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Lord McCarthy: Amendment No. 226 is a useful amendment, in that it gives the Government an opportunity to tell us whether they really mean what the Bill implies; that is, that all the CAC does is make a declaration. In other words, the CAC simply declares that, by whatever method it used--presumably it counted the union membership cards and decided within the bargaining unit that 50 per cent were members of the union--it recognises that union. Alternatively, it
Lord McIntosh of Haringey: I rise to speak to Amendments Nos. 226 and 230 in the name of the noble Baroness, Lady Miller, and Amendment No. 229 in the name of my noble friend Lord Simon of Highbury, which also comes within this group.
My noble friend asked whether all the CAC does is make declarations. All these three amendments concern declarations and decisions by the CAC. The declarations by the CAC have statutory effect and that is pervasive all the way through Schedule 1 to the Bill. The CAC is not simply a declaratory body; it is a body which triggers a whole series of statutory procedures to enable, in proper circumstances, the recognition of trade unions for collective bargaining to take place.
I believe we are in general agreement about the principles of these amendments: that the CAC should give notice to the appropriate parties; that is, that the CAC should usually give reasons for its decisions and the Secretary of State should have to give reasons if he decides not to accept the CAC's advice. Where we appear to differ is how best to achieve those ends, and I hope to convince the Committee of the merits of the Government's approach in Amendment No. 229.
I hope it will be agreed that it is right for the CAC to notify involved parties of its declarations. The CAC's declarations are usually declarations that a specific union is now recognised or has ceased to be recognised--obviously something about which the parties need to know. For example, the CAC may issue a declaration under paragraph 25(4) that a union is not entitled to be recognised. Amendment No. 229 provides that the union and the employer must be told of that. That is a necessary and helpful change and on that basis the amendment will be moved in due course.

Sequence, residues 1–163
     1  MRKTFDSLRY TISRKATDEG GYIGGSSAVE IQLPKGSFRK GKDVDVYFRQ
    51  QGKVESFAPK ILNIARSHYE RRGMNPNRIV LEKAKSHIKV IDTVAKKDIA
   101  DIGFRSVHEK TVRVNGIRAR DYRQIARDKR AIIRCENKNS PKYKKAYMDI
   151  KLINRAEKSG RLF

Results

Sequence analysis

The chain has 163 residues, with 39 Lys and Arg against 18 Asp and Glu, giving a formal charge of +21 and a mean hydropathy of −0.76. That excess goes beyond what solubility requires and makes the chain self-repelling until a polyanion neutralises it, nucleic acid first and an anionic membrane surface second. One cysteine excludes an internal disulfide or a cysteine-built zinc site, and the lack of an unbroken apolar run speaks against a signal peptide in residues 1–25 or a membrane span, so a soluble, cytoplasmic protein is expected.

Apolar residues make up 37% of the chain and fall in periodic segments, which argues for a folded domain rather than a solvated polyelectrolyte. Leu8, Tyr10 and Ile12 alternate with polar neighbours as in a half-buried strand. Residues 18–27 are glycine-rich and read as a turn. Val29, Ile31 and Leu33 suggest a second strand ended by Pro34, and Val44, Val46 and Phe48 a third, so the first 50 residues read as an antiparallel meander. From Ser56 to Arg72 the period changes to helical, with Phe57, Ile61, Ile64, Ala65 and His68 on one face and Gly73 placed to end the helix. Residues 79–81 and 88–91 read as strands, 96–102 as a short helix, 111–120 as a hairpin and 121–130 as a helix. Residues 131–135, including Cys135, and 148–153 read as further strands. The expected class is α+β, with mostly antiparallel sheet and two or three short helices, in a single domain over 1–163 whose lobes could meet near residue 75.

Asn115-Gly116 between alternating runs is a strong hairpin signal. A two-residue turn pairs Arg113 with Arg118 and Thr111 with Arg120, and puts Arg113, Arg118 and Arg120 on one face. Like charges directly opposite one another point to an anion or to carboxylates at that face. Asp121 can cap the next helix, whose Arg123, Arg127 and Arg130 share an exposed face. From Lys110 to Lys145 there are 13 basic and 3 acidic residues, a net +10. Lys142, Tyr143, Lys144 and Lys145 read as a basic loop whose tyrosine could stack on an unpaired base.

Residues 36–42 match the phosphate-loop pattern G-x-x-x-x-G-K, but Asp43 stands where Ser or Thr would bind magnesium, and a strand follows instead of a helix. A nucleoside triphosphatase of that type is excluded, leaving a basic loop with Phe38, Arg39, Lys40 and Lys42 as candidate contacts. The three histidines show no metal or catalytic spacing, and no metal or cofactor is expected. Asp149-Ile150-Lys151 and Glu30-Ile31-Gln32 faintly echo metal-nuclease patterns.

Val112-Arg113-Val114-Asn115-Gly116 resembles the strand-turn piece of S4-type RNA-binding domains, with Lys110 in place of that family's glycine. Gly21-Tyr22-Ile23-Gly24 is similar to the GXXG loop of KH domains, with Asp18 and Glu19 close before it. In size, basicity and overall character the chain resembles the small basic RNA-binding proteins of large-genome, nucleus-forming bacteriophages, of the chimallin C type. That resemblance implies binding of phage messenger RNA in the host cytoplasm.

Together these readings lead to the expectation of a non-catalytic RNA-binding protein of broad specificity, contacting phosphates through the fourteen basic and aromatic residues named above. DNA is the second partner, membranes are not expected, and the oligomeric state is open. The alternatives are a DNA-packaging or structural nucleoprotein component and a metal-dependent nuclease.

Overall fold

I return to the amendments in the name of the noble Baroness, Lady Miller. Amendment No. 226 would require the Secretary of State to give, in writing and in advance, his reasons for not following the advice of the CAC in amending Paragraph 19. That is the part of the schedule which deals with "automatic" recognition for unions with over 50 per cent membership in a bargaining unit.
It is reasonable to require the Secretary of State to justify to Parliament any decision to amend Paragraph 19 which is not proposed by the CAC. Of course, subparagraph (4) means that any change to Paragraph 19 must be scrutinised by both Houses of Parliament. The Secretary of State will have to explain and defend his decision whether or not he takes the CAC's advice. That is regarded as more than adequate scrutiny for most other purposes. I therefore see no need for this amendment, and I invite the noble Baroness to withdraw it.